Toward Austenitic Oxide Dispersion Strengthened Alloys for Nuclear Applications
Donald Biggar Willett Professor
Department of Nuclear, Plasma and Radiological Engineering
University of Illinois at Urbana-Champaign
There has been a continuing effort to develop enhanced versions of several types of engineering alloys by strengthening them with a very high number density of very small oxide particles. These particles, if evenly distributed, should provide major improvements in material strength especially at very high temperatures where most engineering metal alloys lose strength. Since the oxide particles are actually ceramics, they should have a very high melting point, much higher than metal alloys, and maintain their stability and strengthening capabilities even at very high temperatures. For nuclear applications where atomic displacement damage takes place, the particles also offer a very large amount of internal surface area which can potentially absorb irradiation-induced defects to reduce radiation damage effects.
This process of making metal alloys with dispersed oxide particles has been attempted in a wide variety of metal systems with some success. There has been a particularly heavy emphasis on developing ODS iron-chromium steels, but much less emphasis on stainless steels. This talk will discuss the possibilities for the development of ODS austenitic steels, which are widely used in current nuclear reactors and are slated for use in a variety of advanced nuclear fission and nuclear fusion reactor systems. The work discusses the microstructure and mechanical behavior of this class of new alloys for nuclear applications.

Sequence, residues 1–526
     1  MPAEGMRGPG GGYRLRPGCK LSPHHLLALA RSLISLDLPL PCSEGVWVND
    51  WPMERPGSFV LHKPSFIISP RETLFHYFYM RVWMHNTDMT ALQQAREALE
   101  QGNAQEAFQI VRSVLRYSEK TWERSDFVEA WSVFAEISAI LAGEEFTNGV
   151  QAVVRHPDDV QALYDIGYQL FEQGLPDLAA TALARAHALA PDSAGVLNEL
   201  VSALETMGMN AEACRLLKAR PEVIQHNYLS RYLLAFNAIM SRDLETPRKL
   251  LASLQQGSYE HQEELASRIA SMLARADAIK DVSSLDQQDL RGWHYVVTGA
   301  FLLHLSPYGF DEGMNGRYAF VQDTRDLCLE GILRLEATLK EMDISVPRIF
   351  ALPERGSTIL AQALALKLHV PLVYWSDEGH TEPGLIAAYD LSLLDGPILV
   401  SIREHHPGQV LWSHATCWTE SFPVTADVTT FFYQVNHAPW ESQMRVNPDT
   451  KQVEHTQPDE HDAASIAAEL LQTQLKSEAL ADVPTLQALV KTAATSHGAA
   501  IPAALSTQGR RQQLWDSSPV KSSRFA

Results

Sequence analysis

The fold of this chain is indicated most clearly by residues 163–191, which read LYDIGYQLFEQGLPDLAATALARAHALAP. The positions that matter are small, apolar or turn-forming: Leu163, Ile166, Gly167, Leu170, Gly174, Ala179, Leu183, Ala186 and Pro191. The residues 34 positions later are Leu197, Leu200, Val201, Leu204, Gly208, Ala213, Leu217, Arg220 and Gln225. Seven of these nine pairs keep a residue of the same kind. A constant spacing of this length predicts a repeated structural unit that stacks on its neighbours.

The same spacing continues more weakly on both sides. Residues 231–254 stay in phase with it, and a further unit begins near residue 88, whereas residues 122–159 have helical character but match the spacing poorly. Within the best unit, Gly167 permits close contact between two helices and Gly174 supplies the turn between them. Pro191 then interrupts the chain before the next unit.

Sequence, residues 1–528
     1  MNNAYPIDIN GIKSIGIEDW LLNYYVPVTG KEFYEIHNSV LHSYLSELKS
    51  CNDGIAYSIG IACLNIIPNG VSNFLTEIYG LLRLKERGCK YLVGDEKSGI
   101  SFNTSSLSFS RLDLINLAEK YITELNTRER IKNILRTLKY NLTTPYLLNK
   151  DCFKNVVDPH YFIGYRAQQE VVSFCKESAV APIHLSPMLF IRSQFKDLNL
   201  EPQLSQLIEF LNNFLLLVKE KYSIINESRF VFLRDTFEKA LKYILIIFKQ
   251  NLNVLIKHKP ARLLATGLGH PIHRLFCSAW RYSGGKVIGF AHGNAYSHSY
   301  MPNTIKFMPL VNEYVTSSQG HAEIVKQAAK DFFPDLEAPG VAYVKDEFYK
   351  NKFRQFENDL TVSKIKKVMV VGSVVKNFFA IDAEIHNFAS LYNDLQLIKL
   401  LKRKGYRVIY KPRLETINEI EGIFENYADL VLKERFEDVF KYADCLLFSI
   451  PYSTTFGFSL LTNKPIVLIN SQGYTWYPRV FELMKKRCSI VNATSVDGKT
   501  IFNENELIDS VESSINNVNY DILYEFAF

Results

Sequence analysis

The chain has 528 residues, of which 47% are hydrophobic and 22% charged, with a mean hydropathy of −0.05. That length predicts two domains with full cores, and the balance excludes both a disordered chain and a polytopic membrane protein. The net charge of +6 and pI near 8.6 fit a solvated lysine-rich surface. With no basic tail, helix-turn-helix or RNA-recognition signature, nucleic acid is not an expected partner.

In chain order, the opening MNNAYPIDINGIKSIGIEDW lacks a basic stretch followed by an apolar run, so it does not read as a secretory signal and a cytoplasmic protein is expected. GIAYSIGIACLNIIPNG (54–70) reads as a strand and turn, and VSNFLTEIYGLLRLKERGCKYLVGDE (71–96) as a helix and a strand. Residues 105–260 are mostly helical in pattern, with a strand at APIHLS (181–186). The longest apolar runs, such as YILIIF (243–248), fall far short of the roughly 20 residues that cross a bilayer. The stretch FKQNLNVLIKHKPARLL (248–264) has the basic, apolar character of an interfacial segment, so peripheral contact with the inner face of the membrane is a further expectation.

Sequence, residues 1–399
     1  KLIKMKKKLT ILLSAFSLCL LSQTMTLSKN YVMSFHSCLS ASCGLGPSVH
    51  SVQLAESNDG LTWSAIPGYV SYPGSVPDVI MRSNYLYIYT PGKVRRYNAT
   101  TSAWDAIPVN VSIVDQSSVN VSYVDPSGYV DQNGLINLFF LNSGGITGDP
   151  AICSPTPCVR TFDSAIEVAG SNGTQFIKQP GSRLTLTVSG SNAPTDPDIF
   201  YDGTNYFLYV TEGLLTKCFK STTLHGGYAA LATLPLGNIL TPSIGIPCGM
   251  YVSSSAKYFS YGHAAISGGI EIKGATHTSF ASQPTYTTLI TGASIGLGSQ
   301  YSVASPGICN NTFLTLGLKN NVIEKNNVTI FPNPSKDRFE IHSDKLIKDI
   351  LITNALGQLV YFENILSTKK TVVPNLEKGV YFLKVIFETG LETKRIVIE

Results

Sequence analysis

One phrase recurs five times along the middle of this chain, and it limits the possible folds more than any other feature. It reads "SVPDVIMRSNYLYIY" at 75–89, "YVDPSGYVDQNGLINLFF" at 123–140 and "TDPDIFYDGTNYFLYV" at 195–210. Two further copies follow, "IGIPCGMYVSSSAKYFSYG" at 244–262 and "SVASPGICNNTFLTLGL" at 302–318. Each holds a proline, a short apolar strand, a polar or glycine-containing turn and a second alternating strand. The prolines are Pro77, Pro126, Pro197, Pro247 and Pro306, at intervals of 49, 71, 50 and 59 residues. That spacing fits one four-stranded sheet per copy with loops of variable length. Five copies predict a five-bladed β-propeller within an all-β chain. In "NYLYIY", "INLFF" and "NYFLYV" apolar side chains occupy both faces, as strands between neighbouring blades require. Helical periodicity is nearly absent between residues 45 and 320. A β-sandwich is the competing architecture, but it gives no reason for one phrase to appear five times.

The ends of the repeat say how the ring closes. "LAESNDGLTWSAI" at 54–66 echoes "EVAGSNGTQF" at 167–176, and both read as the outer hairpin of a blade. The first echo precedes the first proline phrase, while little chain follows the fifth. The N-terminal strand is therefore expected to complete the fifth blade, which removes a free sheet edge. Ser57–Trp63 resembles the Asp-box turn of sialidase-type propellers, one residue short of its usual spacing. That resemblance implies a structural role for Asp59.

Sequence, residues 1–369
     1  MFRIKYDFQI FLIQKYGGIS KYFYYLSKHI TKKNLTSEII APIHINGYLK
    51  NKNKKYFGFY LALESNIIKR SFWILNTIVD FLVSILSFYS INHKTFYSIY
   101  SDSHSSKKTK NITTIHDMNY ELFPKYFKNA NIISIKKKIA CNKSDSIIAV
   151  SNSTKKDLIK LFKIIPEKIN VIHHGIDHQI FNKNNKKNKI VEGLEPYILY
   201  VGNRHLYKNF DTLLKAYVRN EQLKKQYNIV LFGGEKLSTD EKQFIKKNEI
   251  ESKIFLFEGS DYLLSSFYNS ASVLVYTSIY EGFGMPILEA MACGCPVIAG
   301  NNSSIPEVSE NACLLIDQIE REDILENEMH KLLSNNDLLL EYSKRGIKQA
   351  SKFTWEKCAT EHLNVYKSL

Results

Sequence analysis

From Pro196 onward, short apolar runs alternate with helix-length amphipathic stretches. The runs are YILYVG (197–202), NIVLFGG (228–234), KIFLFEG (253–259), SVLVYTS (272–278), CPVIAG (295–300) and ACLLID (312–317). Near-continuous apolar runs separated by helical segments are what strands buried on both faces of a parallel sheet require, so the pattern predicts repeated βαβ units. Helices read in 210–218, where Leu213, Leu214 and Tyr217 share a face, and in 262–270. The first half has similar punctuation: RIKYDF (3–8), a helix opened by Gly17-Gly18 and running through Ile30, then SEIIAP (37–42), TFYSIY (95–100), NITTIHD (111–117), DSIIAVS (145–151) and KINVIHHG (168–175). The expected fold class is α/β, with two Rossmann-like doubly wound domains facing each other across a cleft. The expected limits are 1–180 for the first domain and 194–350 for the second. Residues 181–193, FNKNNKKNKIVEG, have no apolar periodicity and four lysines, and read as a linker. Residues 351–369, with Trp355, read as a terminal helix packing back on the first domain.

Prof. Stubbins earned his B.S. in Nuclear Engineering at the University of Michigan and his M.S. in Nuclear Engineering and Ph.D. in Materials Science and Engineering at the University of Cincinnati. He held postdoctoral/visiting scientist positions at the Nuclear Research Center, Karlsruhe, Germany and at Oxford University and Harwell Labs in the United Kingdom, before joining General Electric as a Principle Investigator on the US High Temperature Gas-Cooled Reactor Program. He then moved to the University of Illinois were he is now Donald Biggar Willett Professor of Engineering and was formerly Head of the Department of Nuclear, Plasma and Radiological Engineering for the past 18 years. He also holds a Professor appointment in the Japanese World Premier Institute – International Institute for Carbon Neutral Energy Research at Kyushu University, Japan. He is currently a visiting scientist at Los Alamos National Lab and has also held visiting scientist appointments at Argonne National Lab, Oak Ridge National Lab, and Pacific Northwest National Lab in the US and Risø National Lab, Denmark and the University of Pisa, Italy.